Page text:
Raising the bar: Training scientifically for Combat Sports

Combat Sports Training GPP

Training with purpose and science helps you reach your goals faster and more effectively

Not just learning the basics but actually improving your game, unleashing your inner savage and excelling is something everybody should aspire to. Anyone who trains in the field of combat sports knows that having an advantage over an opponent is heavily reliant on multiple factors such as skills, physicality, attitude and fight IQ. In this article, we focus on physicality and the basic principles of training progression that will steadily transform you from a normal person into the level of a competitive/elite athlete.

Step 1 General Physical Preparation (GPP)

The ability to execute any physical activity reasonably well.

The rule of thumb is that you start with a GPP (General Physical Preparation) or ‘foundational fitness’ plan that revolves around making sure that you are getting your basics right and that you have developed a base level of strength, agility, balance, coordination, flexibility, stamina and power. This holds true not just for combat sports but for any kind of sport across the board.

GPP workouts are mainly based on three simple principles: Strengthen parts of your body that are weak Augment those that are strong and establish proper patterns in basic movements. Following Kinetics 101’s prescribed foundational fitness plan should hold you in good stead for what comes after – The SPP or the specific physical preparation plan of not just Combat Sports but any sport.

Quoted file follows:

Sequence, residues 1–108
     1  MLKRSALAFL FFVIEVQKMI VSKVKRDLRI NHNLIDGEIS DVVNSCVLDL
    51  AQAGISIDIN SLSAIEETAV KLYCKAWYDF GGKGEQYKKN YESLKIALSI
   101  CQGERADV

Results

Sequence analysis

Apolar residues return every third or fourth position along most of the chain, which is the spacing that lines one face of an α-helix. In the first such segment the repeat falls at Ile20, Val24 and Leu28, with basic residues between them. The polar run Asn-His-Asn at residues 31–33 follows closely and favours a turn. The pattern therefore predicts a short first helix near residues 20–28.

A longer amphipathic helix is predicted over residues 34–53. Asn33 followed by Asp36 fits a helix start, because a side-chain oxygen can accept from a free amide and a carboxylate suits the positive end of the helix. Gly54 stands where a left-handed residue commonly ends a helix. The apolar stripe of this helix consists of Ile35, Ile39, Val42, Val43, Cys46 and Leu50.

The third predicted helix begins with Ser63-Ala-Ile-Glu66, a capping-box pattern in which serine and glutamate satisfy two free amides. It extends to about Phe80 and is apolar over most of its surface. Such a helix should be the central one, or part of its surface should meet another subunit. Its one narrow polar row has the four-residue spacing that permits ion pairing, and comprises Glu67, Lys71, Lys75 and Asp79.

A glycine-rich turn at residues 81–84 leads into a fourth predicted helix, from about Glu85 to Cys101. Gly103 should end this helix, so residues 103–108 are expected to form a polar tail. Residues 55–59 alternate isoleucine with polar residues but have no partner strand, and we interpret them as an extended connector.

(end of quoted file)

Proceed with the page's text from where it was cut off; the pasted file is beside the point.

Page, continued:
Raising the bar infographic

The three main components of skill training

Step 2 Specific Physical Preparation (SPP)

The ability to execute a specific physical activity with a specialized level of proficiency.

Combat sports are gruelling, intense and require extreme levels of complex, multiplanar movements. Upgrading your motor skills, neuromuscular coordination, time-specific conditioning and strengthening joints that are put under high stress gives you a decisive advantage that enables you to pace your fights and control different scenarios better. Not necessarily bigger muscles… Just better ones.

While GPP can be a gateway to getting your body prepped and ready for the rigours of what is to follow, it will not give you the physicality or mobility that one can achieve by following a structured SPP routine. Specific exercises to optimise certain kinetic chains,  Drills to improve SAQ(Speed Agility and Quickness), neuromuscular coordination, time-specific conditioning, true strength training, prehab, rehab, etc.

boxing skill optimisation

Skill-optimization for high-contact sports such as Boxing is key

Step 3 Skill Optimisation

The ability to execute a specific physical activity with a specialized level of proficiency.

In the world of Combat Sports, learning how to punch and kick is very different from learning how to fight. A lot of people believe that just learning a bunch of techniques means they now know how to fight, this simply isn’t true. Techniques are the base of any combat sport but they only become effective when combined with distance management, combinations and counters and very importantly fight IQ. The complexity of combat sports like MMA is far beyond that of any other form of sports. Not only are there thousands of techniques but they need to be applied at speed, with accuracy against an opponent who is in full contact and countering/attacking you. Technical sparring, contact sparring and all kinds of competition. The combination of all these elements will give you skills. Skills that last a lifetime.

In conclusion, it is important to note that training to be fighting fit and battle ready in a scientific manner will have much more effective, long-term results when you start out with a GPP followed by fully adopting a comprehensive SPP plan that will support steadily turning your techniques into skills and then constantly work on optimising them from there on.